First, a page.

I have a python process that I am converting from Oracle to POSTGRES and I seem to be having issues accessing the POSTGRES database multiple times in the same python action.
For example I can run a search cursor on a table inside the POSTGRES database one time and get results (this search cursor is executed with a WITH clause). when I try to run another search cursor on the same table i get a RUNTIME error.
If I skip the second cursor and move along in my process I get another RUNTIME error when I attempt an arcpy.da.Walk on the database itself.
To me, and I am a complete novice, it seems like accessing the database multiple times is causing the error, perhaps because of some sort of lock placed on it by POSTGRES.
If anyone has any advice i would apricate it.
here is a search cursor function that works every time i run it in my python script. this is the first time the database is accessed.
def _select_rows_from_table(self, sde_connection_path, table_name, fields, where_clause): row_array =  with arcpy.da.SearchCursor(os.path.join(sde_connection_path, table_name), fields, where_clause) as table_cursor: for a_row in table_cursor: row = dict() idx = 0 for field_name in fields: row[field_name] = a_row[idx] idx = idx + 1 row_array.append(row) return row_array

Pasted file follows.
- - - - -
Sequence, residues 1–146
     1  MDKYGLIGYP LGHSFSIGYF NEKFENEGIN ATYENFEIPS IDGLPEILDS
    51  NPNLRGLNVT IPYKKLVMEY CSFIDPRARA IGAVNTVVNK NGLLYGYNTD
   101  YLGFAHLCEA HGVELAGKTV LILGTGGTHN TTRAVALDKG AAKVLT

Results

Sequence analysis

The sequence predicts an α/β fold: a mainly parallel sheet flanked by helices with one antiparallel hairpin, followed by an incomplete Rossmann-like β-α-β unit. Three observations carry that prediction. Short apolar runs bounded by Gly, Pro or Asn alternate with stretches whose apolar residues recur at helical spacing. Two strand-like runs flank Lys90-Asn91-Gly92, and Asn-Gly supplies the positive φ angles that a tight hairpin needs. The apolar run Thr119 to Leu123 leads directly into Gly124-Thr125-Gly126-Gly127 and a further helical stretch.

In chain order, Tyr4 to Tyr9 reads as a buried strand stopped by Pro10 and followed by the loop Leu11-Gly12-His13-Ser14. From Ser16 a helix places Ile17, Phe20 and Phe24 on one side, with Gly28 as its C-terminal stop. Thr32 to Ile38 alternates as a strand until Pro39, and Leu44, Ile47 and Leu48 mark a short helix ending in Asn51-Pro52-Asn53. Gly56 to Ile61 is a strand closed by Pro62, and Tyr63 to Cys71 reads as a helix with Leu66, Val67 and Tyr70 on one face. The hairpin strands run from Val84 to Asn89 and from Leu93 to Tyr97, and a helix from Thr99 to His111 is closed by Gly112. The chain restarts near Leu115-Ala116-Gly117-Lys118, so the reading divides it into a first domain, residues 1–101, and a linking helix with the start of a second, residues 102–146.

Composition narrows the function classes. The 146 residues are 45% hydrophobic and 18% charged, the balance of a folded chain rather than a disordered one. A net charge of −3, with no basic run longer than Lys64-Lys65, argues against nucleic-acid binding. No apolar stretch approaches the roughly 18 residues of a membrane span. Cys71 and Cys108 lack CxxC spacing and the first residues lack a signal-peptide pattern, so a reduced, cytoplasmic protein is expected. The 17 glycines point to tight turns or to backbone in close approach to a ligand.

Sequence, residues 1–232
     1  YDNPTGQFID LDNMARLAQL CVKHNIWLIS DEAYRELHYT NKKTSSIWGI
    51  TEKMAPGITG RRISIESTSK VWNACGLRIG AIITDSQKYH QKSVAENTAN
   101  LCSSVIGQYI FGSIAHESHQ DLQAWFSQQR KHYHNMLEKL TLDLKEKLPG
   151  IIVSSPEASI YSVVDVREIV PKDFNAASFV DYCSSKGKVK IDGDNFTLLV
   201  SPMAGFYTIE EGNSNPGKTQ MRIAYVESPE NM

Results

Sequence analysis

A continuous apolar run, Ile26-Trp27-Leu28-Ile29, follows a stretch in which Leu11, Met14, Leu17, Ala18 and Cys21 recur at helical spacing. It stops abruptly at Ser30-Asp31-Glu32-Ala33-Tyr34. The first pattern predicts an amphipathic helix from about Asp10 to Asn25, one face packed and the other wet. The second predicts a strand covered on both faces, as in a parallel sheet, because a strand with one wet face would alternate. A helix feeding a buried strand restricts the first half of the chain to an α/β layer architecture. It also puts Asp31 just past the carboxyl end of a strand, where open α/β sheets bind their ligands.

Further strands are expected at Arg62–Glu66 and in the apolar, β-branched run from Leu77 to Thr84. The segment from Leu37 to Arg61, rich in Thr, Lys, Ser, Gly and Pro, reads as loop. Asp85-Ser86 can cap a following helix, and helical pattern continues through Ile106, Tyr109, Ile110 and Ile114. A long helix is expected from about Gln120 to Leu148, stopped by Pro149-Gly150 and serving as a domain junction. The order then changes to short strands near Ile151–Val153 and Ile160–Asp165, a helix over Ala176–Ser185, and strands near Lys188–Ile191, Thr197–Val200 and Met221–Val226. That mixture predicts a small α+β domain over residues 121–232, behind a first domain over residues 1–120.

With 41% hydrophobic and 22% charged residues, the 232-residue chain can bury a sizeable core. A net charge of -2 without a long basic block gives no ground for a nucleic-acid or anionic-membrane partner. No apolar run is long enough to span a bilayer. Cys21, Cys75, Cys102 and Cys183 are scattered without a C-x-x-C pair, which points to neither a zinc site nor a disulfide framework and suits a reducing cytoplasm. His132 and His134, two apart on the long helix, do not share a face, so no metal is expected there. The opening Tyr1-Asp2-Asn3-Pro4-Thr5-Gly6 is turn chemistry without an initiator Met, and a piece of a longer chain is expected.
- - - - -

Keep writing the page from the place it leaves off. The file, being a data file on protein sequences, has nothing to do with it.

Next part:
I have tried to run many different functions after this and I always get a runtime error. here is an example of one that does not work. the workspace passed is the exact same as the one passed in the first function.
def _get_table_mapping(self, workspace): mapping = dict() feature_datasets = list() feature_datasets.append(None) dataset_walker = arcpy.da.Walk(workspace, datatype=['FeatureDataset']) for unused1, feat_datasets, unused2 in dataset_walker: for fds in feat_datasets: feature_datasets.append(fds) for a_feat_dataset in feature_datasets: wspace = workspace if a_feat_dataset is not None: wspace = os.path.join(workspace, a_feat_dataset) walker = arcpy.da.Walk(wspace, datatype=['FeatureClass', 'Table']) for junk1, junk2, things in walker: for a_thing in things: pieces = a_thing.split('.') base_name = pieces[len(pieces) - 1].lower() mapping[base_name] = a_thing return mapping
it may also help to know that i can execute all of these against the POSTGRES database inside of ArcGIS.
Also as far as I know the database is geodatabse enabled. I can see all of the features in ArcGIS and have published a few services against the data.